Salvation is by faith and works. Therefore we conclude that a man is justified by faith apart from the deeds of the law. (Rom. 3:28)
During the Mass the bread and wine turn into the body and blood of Christ. Jesus says during the Last Supper: Assuredly, I say to you, I will no longer drink of the fruit of the vine until that day when I drink it new in the kingdom of God. (Mk. 14:25)
Purgatory is a place where one is purged of his sins. And besides all this, between us and you there is a great gulf fixed, so that those who want to pass from here to you cannot, nor can those from there pass to us. (Lk. 16:26)
One can pray to Mary and the saints for their help and intercession. then hear in heaven Your dwelling place, and forgive, and act, and give to everyone according to all his ways, whose heart You know (for You alone know the hearts of all the sons of men) (1Kings 8:39)
Baptism regenerates the human being. There is also an antitype which now saves us—baptism (not the removal of the filth of the flesh, but the answer of a good conscience toward God), through the resurrection of Jesus Christ (1Pt. 3:21)
You can never be assured of your salvation. receiving the end of your faith—the salvation of your souls. (1Pt. 1:9)
Man can choose God. You did not choose Me, but I chose you and appointed you that you should go and bear fruit, and that your fruit should remain, that whatever you ask the Father in My name He may give you. (Jn 15:16)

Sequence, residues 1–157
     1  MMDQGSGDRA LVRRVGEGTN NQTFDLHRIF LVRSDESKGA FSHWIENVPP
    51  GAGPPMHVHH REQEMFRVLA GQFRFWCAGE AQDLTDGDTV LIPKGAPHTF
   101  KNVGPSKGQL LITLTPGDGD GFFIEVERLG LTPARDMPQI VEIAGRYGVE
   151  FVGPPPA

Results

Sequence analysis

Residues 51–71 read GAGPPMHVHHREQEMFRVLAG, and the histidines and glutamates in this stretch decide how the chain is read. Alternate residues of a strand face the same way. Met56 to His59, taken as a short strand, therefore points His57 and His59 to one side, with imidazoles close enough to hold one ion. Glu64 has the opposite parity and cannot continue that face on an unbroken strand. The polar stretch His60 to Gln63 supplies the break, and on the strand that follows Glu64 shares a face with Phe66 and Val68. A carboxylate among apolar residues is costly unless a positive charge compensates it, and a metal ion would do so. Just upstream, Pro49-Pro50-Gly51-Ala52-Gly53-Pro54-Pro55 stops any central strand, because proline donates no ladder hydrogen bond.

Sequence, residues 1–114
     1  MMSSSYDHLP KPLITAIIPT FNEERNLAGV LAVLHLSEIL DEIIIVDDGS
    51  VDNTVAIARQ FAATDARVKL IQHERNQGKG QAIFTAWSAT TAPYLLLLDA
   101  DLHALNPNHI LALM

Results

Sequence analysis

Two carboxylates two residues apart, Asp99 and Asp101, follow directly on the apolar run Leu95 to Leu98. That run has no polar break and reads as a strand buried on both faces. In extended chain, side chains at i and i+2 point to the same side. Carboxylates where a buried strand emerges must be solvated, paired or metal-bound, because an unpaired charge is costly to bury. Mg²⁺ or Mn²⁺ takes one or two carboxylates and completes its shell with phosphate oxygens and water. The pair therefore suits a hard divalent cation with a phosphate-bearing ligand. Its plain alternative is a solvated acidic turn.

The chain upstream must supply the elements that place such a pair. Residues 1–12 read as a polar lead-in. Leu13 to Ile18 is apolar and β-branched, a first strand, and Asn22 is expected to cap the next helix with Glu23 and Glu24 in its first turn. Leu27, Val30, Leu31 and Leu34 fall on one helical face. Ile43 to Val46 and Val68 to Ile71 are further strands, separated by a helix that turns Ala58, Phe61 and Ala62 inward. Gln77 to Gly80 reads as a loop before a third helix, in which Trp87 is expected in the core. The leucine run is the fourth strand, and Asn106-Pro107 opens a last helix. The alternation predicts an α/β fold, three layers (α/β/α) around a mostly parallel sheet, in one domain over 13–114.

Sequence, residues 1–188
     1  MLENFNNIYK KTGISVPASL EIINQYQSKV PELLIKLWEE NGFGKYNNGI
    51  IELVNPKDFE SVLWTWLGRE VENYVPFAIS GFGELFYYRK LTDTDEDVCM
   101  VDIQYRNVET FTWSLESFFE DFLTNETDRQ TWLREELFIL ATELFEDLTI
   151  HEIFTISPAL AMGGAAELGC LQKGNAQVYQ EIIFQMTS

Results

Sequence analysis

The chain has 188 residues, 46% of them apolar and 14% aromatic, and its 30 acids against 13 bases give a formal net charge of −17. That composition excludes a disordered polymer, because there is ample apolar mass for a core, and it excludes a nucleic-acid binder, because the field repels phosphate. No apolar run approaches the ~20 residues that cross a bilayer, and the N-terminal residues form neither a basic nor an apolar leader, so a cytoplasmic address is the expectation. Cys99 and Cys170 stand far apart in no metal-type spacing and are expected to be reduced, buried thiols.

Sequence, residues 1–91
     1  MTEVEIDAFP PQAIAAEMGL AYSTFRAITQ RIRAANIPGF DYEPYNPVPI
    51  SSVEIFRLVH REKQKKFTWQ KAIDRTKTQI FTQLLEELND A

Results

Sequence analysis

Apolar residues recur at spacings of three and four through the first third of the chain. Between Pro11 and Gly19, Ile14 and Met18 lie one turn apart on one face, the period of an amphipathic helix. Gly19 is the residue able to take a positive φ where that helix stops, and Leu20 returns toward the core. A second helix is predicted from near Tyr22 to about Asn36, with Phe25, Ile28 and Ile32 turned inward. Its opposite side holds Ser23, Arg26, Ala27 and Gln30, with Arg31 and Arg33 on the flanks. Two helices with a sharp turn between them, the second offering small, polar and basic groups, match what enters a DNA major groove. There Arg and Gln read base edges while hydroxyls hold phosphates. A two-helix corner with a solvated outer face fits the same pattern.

Priests are to remain celibate throughout their entire lives. A bishop then must be blameless, the husband of one wife, vigilant, sober, of good behavior, given to hospitality, apt to teach. (1Tim. 3:2)

Who Gave Us the Bible?

The reader may now be wanting to ask the question, “Who gave us the Bible?”

“Surely the Roman Catholic church!” Roman Catholics claim that their church gave the world the Bible when they decided which books belonged to the canon at the council of Nicaea in 325 AD.

This is a faulty notion, since as mentioned earlier, the Bible is self-authenticating. The apostle Peter himself writes: “For prophecy never came by the will of man, but holy men of God spoke as they were moved by the Holy Spirit” (2Pt. 1:21).

The individual books and epistles of the Bible refer to each other, thereby verifying each other’s divine inspiration. For example, 2 Peter talks about the writings of Paul, and Paul quotes Luke in 1Timothy 3.

Furthermore, since years earlier in the year 303 AD, during the Diocletian persecutions the church out of necessity recognized the books belonged to the Bible, and which ones did not. Christians safeguarded those books which were necessary as the foundation of faith. The question of canon developed emerged centuries later.  In reality, the church simply reaffirmed those books that Christians of earlier times had already recognized as divinely inspired.